Shaare Zedek Medical Center has played an important role in the life of the city and its unique population for nearly 112 years. Shaare Zedek was the first large Hospital to be located in the western portion of Jerusalem and is today the city’s fastest growing medical center.

After the Ottoman Turks gave permission in the 1890s, and with funding from European donors, the original 20-bed Hospital was built on Jaffa Road, where it opened in January 1902. In 1979, thanks to the vision of Director-General David Maier, it moved to its present location (the original building still stands and houses the Israel Broadcasting Authority).

Named after the inspiring biblical term “Gates of Righteousness,” Shaare Zedek has responded to the needs of Jerusalem’s uniquely diverse population from its very first day of operation, treating patients of every race, religion and nationality.

Bikur Cholim Hospital was founded in Jerusalem’s Old City in 1826 and after inhabiting a series of buildings, moved to west Jerusalem, outside the walled city, in 1925. In December 2012, it was teetering on the brink of bankruptcy and about to close. Shaare Zedek was chosen by Israel’s government to submit a plan to take it over and subsequently, Bikur Cholim was saved. This historic event brought together Jerusalem’s two oldest hospitals and today Bikur Cholim also bears the name Shaare Zedek Medical Center – City Center Campus.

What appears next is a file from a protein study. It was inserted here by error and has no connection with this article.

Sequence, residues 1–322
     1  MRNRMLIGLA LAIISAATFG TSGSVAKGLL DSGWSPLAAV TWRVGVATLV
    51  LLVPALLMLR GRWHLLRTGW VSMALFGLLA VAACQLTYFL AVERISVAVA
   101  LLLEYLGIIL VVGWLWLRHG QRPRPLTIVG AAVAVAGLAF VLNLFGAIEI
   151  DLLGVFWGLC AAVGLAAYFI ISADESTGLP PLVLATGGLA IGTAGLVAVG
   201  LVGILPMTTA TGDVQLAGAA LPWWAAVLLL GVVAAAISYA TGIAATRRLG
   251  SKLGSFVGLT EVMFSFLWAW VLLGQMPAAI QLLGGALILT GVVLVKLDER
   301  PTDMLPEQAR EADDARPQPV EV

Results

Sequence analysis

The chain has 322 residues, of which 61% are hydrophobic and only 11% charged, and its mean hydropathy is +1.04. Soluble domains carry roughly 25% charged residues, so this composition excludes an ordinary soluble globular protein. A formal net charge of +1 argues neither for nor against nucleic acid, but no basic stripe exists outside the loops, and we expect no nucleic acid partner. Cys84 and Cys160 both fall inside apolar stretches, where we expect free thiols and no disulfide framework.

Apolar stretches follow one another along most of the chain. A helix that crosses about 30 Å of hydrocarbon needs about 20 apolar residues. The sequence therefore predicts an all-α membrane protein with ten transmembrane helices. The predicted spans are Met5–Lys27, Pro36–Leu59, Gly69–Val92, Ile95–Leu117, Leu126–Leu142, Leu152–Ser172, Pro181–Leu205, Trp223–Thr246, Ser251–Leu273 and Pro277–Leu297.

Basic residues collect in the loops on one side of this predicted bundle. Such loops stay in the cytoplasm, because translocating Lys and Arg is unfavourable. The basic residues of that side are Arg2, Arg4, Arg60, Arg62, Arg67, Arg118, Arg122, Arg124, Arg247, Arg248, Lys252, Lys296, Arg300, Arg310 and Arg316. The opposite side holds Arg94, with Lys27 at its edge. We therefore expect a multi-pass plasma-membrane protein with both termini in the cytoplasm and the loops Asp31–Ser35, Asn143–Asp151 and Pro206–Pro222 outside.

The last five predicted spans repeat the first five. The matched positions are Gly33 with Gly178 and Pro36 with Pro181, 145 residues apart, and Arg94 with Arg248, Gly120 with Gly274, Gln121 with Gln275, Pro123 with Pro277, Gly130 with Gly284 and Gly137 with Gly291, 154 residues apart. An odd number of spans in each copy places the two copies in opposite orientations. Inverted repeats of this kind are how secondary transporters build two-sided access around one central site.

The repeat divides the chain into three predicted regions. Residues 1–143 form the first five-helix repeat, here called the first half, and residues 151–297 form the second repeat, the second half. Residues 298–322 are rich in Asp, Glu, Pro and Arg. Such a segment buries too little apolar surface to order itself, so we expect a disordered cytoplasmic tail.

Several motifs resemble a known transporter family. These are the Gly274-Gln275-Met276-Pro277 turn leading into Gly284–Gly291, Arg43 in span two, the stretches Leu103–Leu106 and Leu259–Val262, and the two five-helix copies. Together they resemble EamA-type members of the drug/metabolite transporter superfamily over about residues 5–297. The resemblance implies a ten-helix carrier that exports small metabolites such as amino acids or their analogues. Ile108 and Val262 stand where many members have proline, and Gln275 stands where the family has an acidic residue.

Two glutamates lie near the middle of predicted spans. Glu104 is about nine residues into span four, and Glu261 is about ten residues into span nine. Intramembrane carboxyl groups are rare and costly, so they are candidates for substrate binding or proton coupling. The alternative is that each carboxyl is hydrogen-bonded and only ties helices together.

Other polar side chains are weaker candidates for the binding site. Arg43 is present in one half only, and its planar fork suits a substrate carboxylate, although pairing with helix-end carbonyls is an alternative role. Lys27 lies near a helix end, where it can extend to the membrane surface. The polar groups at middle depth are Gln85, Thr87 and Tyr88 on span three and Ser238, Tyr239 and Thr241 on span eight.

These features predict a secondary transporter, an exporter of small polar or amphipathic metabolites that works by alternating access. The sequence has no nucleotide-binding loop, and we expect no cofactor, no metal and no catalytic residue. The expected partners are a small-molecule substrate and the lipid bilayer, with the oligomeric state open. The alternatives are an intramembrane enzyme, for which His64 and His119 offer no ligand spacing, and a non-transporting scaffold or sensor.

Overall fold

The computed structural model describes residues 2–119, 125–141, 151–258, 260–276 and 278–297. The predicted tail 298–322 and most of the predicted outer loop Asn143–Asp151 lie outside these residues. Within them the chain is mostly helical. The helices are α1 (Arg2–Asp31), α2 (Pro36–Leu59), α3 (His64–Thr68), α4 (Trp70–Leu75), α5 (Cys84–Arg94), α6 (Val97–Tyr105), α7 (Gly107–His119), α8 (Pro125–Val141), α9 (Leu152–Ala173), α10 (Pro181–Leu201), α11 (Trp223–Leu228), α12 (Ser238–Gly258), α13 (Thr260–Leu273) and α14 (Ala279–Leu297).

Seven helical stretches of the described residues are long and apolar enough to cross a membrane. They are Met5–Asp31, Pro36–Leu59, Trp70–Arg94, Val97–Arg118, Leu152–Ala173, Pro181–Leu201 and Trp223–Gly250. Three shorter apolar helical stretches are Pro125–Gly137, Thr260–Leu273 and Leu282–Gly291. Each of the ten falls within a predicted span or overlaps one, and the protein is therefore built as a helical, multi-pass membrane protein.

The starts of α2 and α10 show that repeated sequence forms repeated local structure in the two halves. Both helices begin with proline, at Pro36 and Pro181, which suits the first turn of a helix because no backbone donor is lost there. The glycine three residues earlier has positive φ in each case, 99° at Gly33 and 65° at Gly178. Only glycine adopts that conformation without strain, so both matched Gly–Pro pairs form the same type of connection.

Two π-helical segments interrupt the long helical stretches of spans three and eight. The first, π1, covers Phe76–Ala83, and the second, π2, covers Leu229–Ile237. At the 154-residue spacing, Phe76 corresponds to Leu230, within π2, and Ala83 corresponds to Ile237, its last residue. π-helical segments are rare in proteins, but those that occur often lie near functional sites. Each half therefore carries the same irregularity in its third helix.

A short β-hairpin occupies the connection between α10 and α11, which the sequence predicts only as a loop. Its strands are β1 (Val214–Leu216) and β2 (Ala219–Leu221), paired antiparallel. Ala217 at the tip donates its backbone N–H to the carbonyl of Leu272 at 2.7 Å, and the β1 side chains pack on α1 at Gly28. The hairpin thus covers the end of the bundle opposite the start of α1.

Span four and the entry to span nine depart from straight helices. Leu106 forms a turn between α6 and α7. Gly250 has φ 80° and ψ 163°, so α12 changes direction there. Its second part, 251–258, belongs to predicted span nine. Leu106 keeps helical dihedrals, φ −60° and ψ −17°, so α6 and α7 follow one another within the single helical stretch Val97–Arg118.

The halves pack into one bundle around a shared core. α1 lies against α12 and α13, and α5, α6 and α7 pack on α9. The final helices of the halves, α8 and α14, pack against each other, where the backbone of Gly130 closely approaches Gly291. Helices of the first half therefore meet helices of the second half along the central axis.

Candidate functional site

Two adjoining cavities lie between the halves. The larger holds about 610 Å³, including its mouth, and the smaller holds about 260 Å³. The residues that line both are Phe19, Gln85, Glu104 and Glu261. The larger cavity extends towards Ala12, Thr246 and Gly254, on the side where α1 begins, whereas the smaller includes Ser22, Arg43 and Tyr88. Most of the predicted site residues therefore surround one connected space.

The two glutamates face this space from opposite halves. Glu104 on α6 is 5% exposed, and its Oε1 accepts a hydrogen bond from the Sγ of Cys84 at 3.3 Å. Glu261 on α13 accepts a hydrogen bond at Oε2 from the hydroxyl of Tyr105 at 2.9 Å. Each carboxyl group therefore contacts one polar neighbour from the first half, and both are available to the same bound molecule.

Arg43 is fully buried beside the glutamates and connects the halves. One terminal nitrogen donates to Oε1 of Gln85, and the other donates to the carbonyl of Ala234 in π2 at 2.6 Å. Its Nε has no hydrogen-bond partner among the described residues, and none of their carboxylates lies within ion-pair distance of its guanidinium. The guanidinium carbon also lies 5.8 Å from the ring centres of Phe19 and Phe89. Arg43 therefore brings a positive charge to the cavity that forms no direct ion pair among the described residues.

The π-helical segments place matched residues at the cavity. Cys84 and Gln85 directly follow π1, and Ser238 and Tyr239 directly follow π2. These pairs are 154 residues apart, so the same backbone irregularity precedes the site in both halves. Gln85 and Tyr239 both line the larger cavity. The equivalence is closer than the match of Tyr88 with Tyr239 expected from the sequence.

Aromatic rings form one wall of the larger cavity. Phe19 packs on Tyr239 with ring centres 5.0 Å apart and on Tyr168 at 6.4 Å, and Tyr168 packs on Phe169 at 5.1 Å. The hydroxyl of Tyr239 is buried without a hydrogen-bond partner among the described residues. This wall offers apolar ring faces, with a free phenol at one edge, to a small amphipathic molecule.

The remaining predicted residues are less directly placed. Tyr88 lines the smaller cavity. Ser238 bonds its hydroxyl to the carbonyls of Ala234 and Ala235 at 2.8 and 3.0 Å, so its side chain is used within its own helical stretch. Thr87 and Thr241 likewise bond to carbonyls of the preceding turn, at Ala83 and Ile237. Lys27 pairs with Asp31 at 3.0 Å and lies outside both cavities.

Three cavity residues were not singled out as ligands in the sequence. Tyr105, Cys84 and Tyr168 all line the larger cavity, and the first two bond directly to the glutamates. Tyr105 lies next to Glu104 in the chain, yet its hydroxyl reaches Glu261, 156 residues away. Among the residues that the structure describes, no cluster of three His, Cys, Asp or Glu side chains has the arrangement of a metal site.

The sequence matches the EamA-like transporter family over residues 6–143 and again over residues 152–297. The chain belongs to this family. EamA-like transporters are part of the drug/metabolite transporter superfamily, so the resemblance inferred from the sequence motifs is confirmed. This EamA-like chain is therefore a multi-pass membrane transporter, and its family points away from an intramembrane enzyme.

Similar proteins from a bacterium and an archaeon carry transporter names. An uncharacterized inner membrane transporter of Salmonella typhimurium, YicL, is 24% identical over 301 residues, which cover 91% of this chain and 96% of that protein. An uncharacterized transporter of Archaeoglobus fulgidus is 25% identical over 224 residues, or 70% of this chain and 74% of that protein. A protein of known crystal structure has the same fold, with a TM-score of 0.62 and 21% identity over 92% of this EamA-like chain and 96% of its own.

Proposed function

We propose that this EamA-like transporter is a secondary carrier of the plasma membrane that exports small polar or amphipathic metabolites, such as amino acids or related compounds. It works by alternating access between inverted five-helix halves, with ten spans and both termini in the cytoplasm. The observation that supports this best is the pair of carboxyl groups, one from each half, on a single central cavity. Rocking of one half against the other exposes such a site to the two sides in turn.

Shaare Zedek (located between Ramat Beit Hakerem and Bayit Vegan) and Bikur Cholim (its City Center Campus), are the only major medical facilities in the city’s center – the “Heart of Jerusalem.”

With a constant commitment to developing increasingly innovative means to provide patient care, the 1,000-bed facility treats more than 600,000 patients per year in its 30 inpatient departments and 70 departments and units comprising its outpatient clinics.

Early History of the American Committee for Shaare Zedek

The American Committee for Shaare Zedek was started in 1949 by a group of dedicated refugees from Germany and Holland, descendants of the original founders of the Hospital in Jerusalem. These dedicated men and women started fundraising for the Hospital on an individual basis. The women organized into a Ladies Auxiliary and the men established a Board of Directors.

In 1956, the Committee approached Mr. Rudolph Meyer, a young lawyer whose office was at 15 Park Row in New York City (the first office of the American Committee) to organize the American Committee’s first dinner. Mr. Meyer recruited Rev. A. Asher Hirsch who organized a successful dinner and became the first Executive Director.

Subsequently, The American Committee and its mailing list began to grow through fundraising dinners, concerts and mailings.

In the early 1960’s, under the leadership of Chairman of the Board, Max Stern, a building fund campaign became the main focus of the American Committee, and the new Shaare Zedek building in Israel was dedicated in 1978.

Today Shaare Zedek is a world-renowned 1000-bed medical center. The American Committee, with offices in New York, Chicago, Los Angeles, San Francisco and Florida is dedicated to making this great Hospital a beacon of hope to all the citizens of Jerusalem.